Equity: 70% Debt: 10% Real Estate: 15% Gold: 5%

Asset

However there is no one ‘fit for all’ solution. A portfolio’s asset mix should reflect the long and short term financial goals at any time. Let us dwell upon a few strategies of establishing asset allocations and examine their basic management principles.

Strategic Asset Allocation:

This method is based on the over-all expected return of the portfolio. It adheres to a proportional mix of assets which together would give the expected return. If one aims at a return of 13% on his portfolio and if stocks  historically have given an annual return of 15% and bonds 8%, then a mix of 60% in stocks and 40% in bonds would help him achieve his goal of 13% return. Since equity markets are volatile a portion of the investments are kept in bonds thus reducing the risk. This is the simplest and passive investment strategy of all. It is a buy-and-hold strategy, and a shift in values of assets causes a drift from the initially established expected return.

Constant Weighting Asset Allocation:

A constant-weighting approach to asset allocation addresses the problem of undue variations in the expected return. This approach needs continuous rebalancing the portfolio depending on the shift in values of the asset classes.  If one asset has decreased in its value you will buy more of that asset, and if the value increases you sell a portion of it. This helps in rebalancing the portfolio and the expected returns are in tune with the financial goal. There is no hard-and-fast rule for timing portfolio rebalancing. A common rule of thumb is that whenever an asset class moves by more than 5% in value, we will rebalance the portfolio such that the original expected return is maintained.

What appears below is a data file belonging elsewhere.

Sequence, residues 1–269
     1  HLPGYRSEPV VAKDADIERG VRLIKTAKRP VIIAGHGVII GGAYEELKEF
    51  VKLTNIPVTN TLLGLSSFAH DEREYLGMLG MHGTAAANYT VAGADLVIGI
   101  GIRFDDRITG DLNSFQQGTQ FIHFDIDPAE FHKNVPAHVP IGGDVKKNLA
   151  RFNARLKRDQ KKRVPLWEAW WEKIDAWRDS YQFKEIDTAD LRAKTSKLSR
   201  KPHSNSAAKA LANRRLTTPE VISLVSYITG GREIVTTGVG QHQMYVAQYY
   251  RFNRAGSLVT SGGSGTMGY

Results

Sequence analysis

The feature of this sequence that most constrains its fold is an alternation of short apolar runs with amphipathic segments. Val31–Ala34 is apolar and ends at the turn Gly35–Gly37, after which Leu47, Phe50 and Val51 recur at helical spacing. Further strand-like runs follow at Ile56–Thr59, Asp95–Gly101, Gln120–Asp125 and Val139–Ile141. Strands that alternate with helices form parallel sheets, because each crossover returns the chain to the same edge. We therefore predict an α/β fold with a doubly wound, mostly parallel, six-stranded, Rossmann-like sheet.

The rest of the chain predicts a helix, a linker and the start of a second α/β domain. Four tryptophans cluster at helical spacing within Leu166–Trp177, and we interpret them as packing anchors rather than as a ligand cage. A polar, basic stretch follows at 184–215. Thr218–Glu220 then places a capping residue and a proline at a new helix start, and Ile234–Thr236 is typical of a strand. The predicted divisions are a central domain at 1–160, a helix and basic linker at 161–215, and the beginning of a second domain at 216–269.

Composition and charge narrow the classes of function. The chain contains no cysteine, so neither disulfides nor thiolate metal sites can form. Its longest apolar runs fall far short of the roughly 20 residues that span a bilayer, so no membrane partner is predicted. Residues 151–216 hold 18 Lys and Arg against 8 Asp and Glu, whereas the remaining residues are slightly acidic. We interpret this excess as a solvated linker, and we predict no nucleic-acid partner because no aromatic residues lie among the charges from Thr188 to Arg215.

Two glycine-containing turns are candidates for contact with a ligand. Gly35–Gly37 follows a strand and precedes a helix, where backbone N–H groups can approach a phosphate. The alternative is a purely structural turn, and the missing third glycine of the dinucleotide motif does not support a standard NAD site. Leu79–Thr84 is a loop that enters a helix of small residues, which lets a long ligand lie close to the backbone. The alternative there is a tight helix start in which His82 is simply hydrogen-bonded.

Tactical Asset Allocation:

This is a moderately active strategy. While the asset allocation is strategized in tune with long term financial objectives, a portion of the assets is positioned in such a way as to benefit from any short term profit opportunity. Overall strategic asset mix is returned to, once the desired short term profits are achieved.  This strategy demands a lot of discipline and one should be well versed with markets to recognize when short-term opportunities have run their course, and then rebalance the portfolio to its long-term asset position.

Dynamic Asset Allocation:

This is a very active asset allocation strategy. This is polar opposite of constant-weighting strategy. With this strategy one would sell assets that are declining and buy assets that are increasing in value. For example, if the stock market is showing weakness, you sell stocks in anticipation of further correction in the market; and if the market is bullish, you buy stocks expecting further gains in the market.

Insured Asset Allocation:

This strategy involves in establishing a base portfolio value, below which the value should not be allowed to drop. An active management strategy is exercised to increase the return on portfolio as much as possible provided the portfolio stays above the base value.  If the portfolio should ever drop to the base level, you invest in risk-free assets so that the base value becomes fixed. This strategy may be suitable for risk-averse investors who desire a certain level of active management but understand the security of establishing a guaranteed floor below which the portfolio is not allowed to decline. Investors who wish to maintain a minimum standard of living post retirement can look at this strategy.